On that day, the dream God put in my heart came back to life. I began to do things, like starting this website, to get me closer to that dream calling. It’s no longer just a pipe dream. Each day that I do something about it, I get closer to God completing it. When I think about the Israelites, they couldn’t get to the Promised Land unless they were willing to leave the desert. They couldn’t enter it from the Sinai desert. They had to go towards the Jordan River. Once they got to the Jordan, God could perform the miracle for them to cross over into their dream land.

If you’ve allowed the dream God placed in your heart to die or lie dormant, I want you to take a step today from Ezekiel 37:9 and say what God told Ezekiel to say to the army built from the dry bones. Say, “Come, O breath, from the four winds! Breathe into these dead bodies so they may live again” (NLT). I believe if God placed a dream in your heart, He wants to revive it. You don’t have to be afraid that it’s too big. If you can’t accomplish it without His help, it probably didn’t come from Him. Speak life into that dream today and do something that moves you in the direction of your Jordan. 

You’re not too old. It’s not too late.

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Your Market Value


When I was a kid, my best friend and I would collect baseball cards. We would walk to the little store in the neighborhood to buy packages of Tops baseball cards. After we got back to his house, we would go through our cards and look them up in a book to see how much they were worth. The book had the value of all baseball cards in it. The most expensive card listed was for a player named Honus Wagner. It was worth several hundred thousand dollars. We dreamed of getting a Honus Wagner card one day.

In 2007, a Honus Wagner card auctioned for $2.7 million. Originally, the card came free in a can of tobacco, but now it was worth the millions to the person willing to pay for it. The market value of anything is based on what someone is willing to pay and auctions are proof of that. What made this card so valuable was that it was in mint condition. The better the condition, the greater the value. Who knows what that card will sell for the next time it goes to auction.

Sometimes we look at our lives like baseball cards. We think some are more valuable than others. We are always wondering what we are worth. If only there was a book where we could look ourselves up in and see. Of course, then we would wonder who is the most valuable. Who is the Honus Wagner of our generation? Who’s life is in mint condition? We look at our own life and know we are battered, wrinkled, and have torn edges. We somehow think that devalues us.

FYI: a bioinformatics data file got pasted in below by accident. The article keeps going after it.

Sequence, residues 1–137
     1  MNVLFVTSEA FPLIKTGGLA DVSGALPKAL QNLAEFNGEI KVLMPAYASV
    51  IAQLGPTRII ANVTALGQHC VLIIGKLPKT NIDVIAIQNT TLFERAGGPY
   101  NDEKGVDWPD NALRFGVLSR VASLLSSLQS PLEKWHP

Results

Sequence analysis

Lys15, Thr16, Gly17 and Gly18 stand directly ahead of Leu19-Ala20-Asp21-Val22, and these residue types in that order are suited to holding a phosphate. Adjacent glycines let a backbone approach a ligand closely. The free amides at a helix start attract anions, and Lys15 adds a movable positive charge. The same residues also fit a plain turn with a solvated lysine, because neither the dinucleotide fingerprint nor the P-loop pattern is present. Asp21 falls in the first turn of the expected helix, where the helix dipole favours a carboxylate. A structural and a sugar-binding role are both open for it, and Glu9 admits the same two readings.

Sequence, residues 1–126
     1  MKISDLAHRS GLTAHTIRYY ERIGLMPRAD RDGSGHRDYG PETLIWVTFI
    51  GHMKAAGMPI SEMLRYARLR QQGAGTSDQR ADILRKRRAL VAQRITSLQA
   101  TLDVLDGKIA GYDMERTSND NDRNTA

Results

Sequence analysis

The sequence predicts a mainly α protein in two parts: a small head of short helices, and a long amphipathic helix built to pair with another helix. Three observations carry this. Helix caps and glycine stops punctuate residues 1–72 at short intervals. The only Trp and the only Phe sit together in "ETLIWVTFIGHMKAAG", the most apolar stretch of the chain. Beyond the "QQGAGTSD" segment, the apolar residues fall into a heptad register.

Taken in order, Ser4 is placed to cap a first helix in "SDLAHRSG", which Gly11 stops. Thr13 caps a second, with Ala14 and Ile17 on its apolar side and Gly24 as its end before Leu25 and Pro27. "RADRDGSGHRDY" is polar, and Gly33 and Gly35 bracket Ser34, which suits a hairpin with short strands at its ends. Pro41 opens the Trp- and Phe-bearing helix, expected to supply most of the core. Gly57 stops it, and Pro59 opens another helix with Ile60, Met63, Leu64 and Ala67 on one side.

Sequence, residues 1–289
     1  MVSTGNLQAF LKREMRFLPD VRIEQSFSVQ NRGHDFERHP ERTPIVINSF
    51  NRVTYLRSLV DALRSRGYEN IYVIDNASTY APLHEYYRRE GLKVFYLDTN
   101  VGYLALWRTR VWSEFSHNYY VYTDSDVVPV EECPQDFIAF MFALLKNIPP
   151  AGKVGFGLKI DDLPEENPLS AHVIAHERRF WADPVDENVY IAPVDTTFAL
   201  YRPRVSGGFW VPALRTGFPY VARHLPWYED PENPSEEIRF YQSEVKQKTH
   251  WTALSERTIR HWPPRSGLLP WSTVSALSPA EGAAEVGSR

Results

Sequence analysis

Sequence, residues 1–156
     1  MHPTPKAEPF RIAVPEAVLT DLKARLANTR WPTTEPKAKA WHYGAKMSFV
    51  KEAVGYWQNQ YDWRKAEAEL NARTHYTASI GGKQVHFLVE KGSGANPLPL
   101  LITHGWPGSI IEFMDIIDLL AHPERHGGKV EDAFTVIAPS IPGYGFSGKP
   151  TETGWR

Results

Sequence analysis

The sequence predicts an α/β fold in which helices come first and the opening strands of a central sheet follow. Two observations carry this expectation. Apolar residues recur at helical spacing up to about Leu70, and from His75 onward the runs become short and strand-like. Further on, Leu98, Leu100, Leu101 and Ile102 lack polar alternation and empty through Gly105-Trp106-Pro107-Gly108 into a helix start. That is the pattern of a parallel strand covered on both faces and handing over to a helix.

You are not a baseball card. Your value however, is based on the market value of what some is willing to pay. You read that right. God paid the highest price for you. To purchase you and to give you freedom, He gave up His one and only son. Romans 5:8 says, “But God showed his great love for us by sending Christ to die for us while we were still sinners” (NLT). He doesn’t care how messed up your life is and that it’s not in mint condition. He sees Honus Wagner type value in you.

Your value is not based on what you or anyone else thinks. It is based on the price Jesus was willing to pay for you. The next time those thoughts of worthlessness come into your mind, remind them that you were bought with a price. When someone treats at you like you’re worthless, don’t dwell on it. They don’t determine your value. God does, and He already said you are worth everything He has and more. The market value for you is Heaven’s firstborn. Don’t let anyone cause you to think you’re worth anything less than that.

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How To Keep Bitterness Away


I’ve combed through the book of Jeremiah looking for things to learn and grow from. What I found was a man who obeyed God, said what he was supposed to say, and was rejected because of it. He was beaten, thrown into a public prison, dumped into a cistern to die, dragged off against his will, and called a liar when people didn’t like the messages God gave him. Before he even gave the messages, he knew that the people were going to reject the messages. He even tried to keep quiet at one point, but he said the word of God felt like a fire trapped in his bones until he spoke it.

I can only imagine what he felt. In Lamentations 3:16-19, he described some of it for us. He wrote, “He has made me chew on gravel. He has rolled me in the dust. Peace has been stripped away, and I have forgotten what prosperity is. I cry out, ‘My splendor is gone! Everything I had hoped for from the LORD is lost!’ The thought of my suffering and homelessness is bitter beyond words. I will never forget this awful time, as I grieve over my loss” (NLT). Powerful words describing a bitter time.

Even though this period of life was bitter for him, he didn’t become bitter. For me, that’s been one of my goals in life. When times get tough and all hope is lost, find a way to not get bitter through the process. When we have to endure bitter times in our lives, we have a choice. We can dwell on our losses, our disappointments, our failures, and our suffering or we can choose to dwell on God’s faithfulness through it all. One choice will make you as bitter as your circumstances and one will give you strength to endure.